Following California's super bloom craze, painted lady butterflies reach Monterey County
Coinciding with the ever-popular super blooms across Southern California, the painted lady butterfly is migrating north from the U.S.-Mexico border en masse.
Monterey County has seen large swaths of them, scientifically known as Vanessa cardui, in the last two weeks.
"People are enthused about getting out there seeing nature," Laura Lee Lienk said. "Nature is bonking them on the head, saying ‘hey!’ with the beauty.”
As a California State University, Monterey Bay professor of natural science and head of the Return of the Natives ecological restoration and education program, Lienk said the painted ladies, plus the super bloom, get people outdoors.
But to be clear, painted ladies are not monarchs (Danaus plexippus) — the larger, slower and similarly transitory butterfly that travels from Mexico through the U.S. Monarch butterflies travel south in fall and their numbers have been declining dramatically in recent years.
With its world-renowned monarch habitat, Pacific Grove saw populations decline from 45,000 butterflies counted in 1997 to just 705 last November, according to data from the Xerces Society, a Portland-based nonprofit organization that does conservation of invertebrates and their habitats.
"They're not monarchs. People have been reading in the media they're nearing extinction in California," said Arthur Shapiro, evolution and ecology professor at the University of California, Davis. "Painted ladies have a much higher reproductive potential in California."
The painted ladies are programmed to migrate north in mid-March, zooming out of different areas in the desert, Shapiro said. On his UC Davis butterfly website, he notes they can make it from Bishop to Davis in just three days.
Those migrations occur each year, only more conspicuously with fewer butterflies. Evidenced by this year's desert super blooms, there is more vegetation for them to consume with more rain.
This leads to more caterpillars who then migrate up to the Pacific Northwest and beyond. They tend to fly parallel to the Sierra Nevada, on both sides and can follow patterns along the Pacific Coast, like Monterey County, as populations expand.
They vary by region and travel, too. Those northbound are small and pale, whereas those traveling southbound later this summer tend to be larger and richly colored.
The last big migration, Shapiro said, was back in 2005, one of the wettest years for California deserts. On his butterfly website, Shapiro says Sacramento recorded painted ladies in one's field of vision three per second at the height of that last migration.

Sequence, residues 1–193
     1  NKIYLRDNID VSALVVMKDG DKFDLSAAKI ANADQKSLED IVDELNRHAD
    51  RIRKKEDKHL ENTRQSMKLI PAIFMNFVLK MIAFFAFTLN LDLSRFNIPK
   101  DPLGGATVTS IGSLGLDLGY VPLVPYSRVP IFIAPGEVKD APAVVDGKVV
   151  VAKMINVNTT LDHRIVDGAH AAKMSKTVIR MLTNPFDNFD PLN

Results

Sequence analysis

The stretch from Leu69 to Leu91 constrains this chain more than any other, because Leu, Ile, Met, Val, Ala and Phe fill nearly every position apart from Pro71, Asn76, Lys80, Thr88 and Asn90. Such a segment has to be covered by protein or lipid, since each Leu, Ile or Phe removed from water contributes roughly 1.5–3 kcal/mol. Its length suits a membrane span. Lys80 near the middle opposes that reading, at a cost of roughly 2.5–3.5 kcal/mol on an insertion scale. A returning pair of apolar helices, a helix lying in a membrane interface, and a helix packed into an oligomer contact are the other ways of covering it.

While noting she took an unscientific approach, Lienk said she counted about 28 per minute on March 30 while hiking at the Fort Ord National Monument between Monterey and Salinas.
She also said seeing local wildflowers at Toro Regional Park, Fort Ord and Pinnacles National Park are great experiences, but these natural feats can also be seen along local roads.
"You don't even have to go for a hike, but you can see them with our wildflowers," Lienk said, adding butterflies act as pollinators, too. "It's all connected."
Painted ladies tend to go anywhere not wooded, which can include vacant lots, agricultural fields or any place that doesn't have an obstacle for their moving, Shapiro added. Painted ladies consume lots of weeds, too, including star thistle and borage herb.
But row crops are normally not impacted by them, so Shapiro says lettuce growers shouldn't be worried.
A plus side, though, is that they eat many of the weeds that can be harmful to produce; however, this is only for a few weeks when they're around. Growers and pesticide reform advocates shouldn't count them as a surefire weedkiller.
Matthew Shepherd, director of communications and outreach for the Xerces Society, pointed to efforts farmers are making to create butterfly habitats, incorporating them into ditches, riparian zones, and roadsides.
Still, he added they are a resilient butterfly species, living on most continents.
Breeding as they go, Shapiro said he just saw another group of painted ladies in Davis after a few days of large migration. Shepherd's organization in Portland is hoping to see painted ladies any day now.
"They’re a remarkable butterfly," Shepherd said. "People should just sit down and enjoy it. Too often, we get wrapped up in the horror stories and tragedy."
In late summer, they will return south from their northward migration.
Depending on their flight path, their offspring could be seen in Monterey County. There's no telling when another migration could come back.
Shapiro said, "Shoot a video, you'll enjoy looking at it later. That's my recommendation."